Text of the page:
Channel: Bahrain Center for Human Rights
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Bahrain: Urgent Appeal: Political Prisoners at Dry Docks Prison Subjected To Violent Attacks, Dozens Injured



The Bahrain Center for Human Rights urgently appeals to the international community, especially the United Nations and the ICRC to investigate report from Bahrain’s Dry Docks prison. The families of the detainees have received calls from the prison that political prisoners held at the Dry Docks prison have been reportedly subjected to severe torture and abuse. The reports from the Dry Dock also confirmed that prison guards and security forces used teargas and stun grenades inside closed cells which resulted in at least 40 injuries.

The families of detainees in ward 10 of the Dry Docks prison, where political prisoners tried under the terrorism law are being held, such as the cases known as “The Imam Army”, “5 tons explosives” and “February 14 case” of which the Human Rights Defender Naji Fateel is charged, said that in the early hours of morning a large number of prison guards started a sudden search. They humiliated, tortured and abused political detainees by cursing, severely beating with batons, using peper sprays and threatening them. Some of the prisoners defended themselves that resulted in the security forces using more violence. The BCHR received confirmed information from sources that the prison guards and security forces used stun grenades and teargas inside closed cells that resulted in at least 40 injuries.

The Director of Reformation and Rehabilitation Colonel Mohammed Rashid Al Hussaini claimed, on the Ministry of Interior twitter account, that “a number of detainees at the detention center were involved in rioting. They tried to break doors, the police interfered and restored order.”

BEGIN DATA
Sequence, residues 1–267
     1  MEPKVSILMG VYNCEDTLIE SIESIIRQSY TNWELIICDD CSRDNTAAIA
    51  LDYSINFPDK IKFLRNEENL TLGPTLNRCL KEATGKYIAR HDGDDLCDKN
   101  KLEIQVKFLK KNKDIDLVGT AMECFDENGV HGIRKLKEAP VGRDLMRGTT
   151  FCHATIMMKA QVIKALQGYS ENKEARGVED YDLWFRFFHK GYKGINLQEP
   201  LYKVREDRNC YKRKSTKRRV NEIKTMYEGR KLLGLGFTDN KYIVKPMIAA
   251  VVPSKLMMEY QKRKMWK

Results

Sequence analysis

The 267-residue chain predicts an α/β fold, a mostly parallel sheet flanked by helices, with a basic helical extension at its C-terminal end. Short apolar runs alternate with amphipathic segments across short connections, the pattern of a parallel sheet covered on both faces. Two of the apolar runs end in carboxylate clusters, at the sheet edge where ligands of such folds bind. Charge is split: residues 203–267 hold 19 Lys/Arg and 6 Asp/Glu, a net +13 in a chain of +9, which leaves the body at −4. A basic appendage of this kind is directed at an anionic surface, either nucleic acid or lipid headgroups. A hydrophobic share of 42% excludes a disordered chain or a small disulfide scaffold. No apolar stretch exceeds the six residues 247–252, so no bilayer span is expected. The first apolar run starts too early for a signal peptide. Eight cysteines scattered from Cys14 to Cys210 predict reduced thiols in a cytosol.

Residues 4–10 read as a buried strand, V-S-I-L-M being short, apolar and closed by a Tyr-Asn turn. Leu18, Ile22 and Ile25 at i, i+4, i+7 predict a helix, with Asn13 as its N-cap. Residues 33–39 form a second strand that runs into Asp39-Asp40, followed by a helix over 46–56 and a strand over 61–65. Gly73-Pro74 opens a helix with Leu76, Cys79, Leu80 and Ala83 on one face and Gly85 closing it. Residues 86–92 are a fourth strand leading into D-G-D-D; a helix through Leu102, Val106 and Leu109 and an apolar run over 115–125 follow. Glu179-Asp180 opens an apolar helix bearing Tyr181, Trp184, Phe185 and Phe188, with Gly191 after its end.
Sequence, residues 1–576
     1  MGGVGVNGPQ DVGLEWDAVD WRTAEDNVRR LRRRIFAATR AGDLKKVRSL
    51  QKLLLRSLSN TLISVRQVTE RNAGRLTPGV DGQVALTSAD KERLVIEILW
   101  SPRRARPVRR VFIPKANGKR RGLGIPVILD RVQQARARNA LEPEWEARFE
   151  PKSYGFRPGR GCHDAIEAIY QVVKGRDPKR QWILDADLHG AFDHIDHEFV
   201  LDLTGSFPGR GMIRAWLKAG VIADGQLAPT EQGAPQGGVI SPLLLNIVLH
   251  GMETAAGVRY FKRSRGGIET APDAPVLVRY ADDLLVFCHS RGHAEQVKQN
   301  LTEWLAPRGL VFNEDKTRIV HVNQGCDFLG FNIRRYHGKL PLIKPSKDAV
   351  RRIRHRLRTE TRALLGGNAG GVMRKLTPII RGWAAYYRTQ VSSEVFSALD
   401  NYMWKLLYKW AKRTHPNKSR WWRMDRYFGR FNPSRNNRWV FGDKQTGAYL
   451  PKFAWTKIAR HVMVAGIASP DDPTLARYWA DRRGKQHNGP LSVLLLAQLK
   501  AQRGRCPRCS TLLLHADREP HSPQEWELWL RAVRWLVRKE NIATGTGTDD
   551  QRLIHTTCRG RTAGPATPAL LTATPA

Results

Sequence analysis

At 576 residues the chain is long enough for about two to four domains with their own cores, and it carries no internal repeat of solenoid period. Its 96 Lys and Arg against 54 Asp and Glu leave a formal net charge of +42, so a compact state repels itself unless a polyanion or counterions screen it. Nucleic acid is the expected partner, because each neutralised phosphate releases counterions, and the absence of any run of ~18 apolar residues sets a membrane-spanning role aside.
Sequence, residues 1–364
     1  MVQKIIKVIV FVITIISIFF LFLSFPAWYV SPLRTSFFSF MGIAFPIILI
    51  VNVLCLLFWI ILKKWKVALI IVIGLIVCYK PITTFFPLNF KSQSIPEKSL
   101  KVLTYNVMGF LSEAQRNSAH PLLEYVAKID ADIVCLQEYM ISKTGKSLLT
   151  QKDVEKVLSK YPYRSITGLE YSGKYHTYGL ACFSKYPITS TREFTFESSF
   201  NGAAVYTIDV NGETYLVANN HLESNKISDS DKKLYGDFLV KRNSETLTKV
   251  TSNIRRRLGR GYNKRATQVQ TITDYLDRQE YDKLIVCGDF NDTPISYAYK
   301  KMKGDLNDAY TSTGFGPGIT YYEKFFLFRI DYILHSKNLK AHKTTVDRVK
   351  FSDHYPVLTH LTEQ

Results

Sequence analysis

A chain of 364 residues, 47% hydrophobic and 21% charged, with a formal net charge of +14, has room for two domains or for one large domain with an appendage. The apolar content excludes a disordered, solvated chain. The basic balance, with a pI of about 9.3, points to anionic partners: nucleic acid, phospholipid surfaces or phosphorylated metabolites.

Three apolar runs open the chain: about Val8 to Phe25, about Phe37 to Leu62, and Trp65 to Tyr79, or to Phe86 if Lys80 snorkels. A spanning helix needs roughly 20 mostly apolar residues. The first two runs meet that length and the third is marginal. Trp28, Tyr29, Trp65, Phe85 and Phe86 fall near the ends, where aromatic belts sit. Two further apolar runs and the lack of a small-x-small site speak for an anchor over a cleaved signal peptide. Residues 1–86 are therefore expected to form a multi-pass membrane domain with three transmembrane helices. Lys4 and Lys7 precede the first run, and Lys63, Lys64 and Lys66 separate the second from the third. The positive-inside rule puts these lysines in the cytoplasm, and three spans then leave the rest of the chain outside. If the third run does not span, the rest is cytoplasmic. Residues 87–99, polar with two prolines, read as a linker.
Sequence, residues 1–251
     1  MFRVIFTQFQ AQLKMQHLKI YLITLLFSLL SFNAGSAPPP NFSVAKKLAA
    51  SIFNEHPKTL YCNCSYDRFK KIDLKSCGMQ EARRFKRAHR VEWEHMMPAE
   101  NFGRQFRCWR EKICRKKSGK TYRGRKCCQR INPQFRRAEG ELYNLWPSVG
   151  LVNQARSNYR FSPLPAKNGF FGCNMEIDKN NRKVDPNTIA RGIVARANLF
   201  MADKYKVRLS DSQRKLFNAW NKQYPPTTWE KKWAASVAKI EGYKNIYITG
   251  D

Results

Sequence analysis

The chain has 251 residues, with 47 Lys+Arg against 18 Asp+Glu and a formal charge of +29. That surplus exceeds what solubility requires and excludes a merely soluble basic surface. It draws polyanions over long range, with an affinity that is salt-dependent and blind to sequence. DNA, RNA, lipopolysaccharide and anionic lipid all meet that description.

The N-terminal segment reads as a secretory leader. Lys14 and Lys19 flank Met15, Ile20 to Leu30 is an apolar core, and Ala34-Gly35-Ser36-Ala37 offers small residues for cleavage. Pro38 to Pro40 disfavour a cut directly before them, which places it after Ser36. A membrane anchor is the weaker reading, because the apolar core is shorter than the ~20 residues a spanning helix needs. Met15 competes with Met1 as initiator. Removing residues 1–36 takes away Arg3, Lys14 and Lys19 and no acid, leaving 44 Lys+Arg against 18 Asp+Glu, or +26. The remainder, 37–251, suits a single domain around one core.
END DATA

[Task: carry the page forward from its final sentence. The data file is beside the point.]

However, the families are in a state of panic after the calls and reports they from the prison. One of the families said that they heard the screams and the sound of the shooting when they were on the phone with their son. Another family spoke of their son crying out to be saved. The last call received was reported at 5am. At the time of writing this report, no further information was available. The reports obtained from the prison stated that there are dozens of injured prisoners and at least one in a critical condition.

It’s important to note that prisoners in this section of the prison have been continuously subjected to ill-treatment and denied their rights of visits and were prevented from going outside their cells.

Maryam Al-Khawaja, Acting President of the BCHR, said:

“Abuse and ill-treatment of political prisoners is systematic in Bahrain. The use of crowd control weapons inside the prisons is specifically alarming, as this violates many local and international laws. We are especially concerned about the injuries at a time when prisoners in Bahrain are not allowed access to adequate medical care. We need urgent actions from the United Nations and the ICRC to look into the situation of these political prisoners. We reiterate that the further deterioration of the human rights situation both inside and outside prisons is the direct result of the lack of local and international accountability for the Government of Bahrain. This is especially in regards to the international impunity granted to the authorities in Bahrain by their closes allies, namely the United Kingdom and the United States”

This is not the first time BCHR receives information on violent attacks on prisoners in Bahrain at prison facilities. BCHR holds Major-General Ibrahim Habib al-Ghaith, the Ministry of Interior's Inspector General and Colonel Mohammed Rashid Al Hussaini, the Director of Reformation and Rehabilitation directly responsible for any harm to the prisoners.

Based on the above, the BCHR calls the following:

1. Immediately allow local and international independent NGO’s and the International Committee of the Red Cross to visit the prisons and the permanent and temporary detention centers. Also, provide the environment for these bodies to carry out their roles, neutrally and independently;

2. Immediately investigate all claims of the use of excessive force against political prisoners, and bring forth anyone found guilty to a fair and independent court of law.

3. Inform the families of prisoners and detainees about the conditions of their sons and the extent of the damage that has befallen them from these injuries, as well as provide the necessary and instant treatment for them.

4. Abide by the international standards for the treatment of prisoners, foremost the Basic Principles for the Treatment of Prisoners adopted by the United Nations in December 1990, as well as the Standard Minimum Rules for the Treatment of Prisoners recommended for adoption by the First United Nations Congress on Crime Prevention and the Treatment of Offenders, held at Geneva in 1955 and approved by the Economic and Social Council in July;


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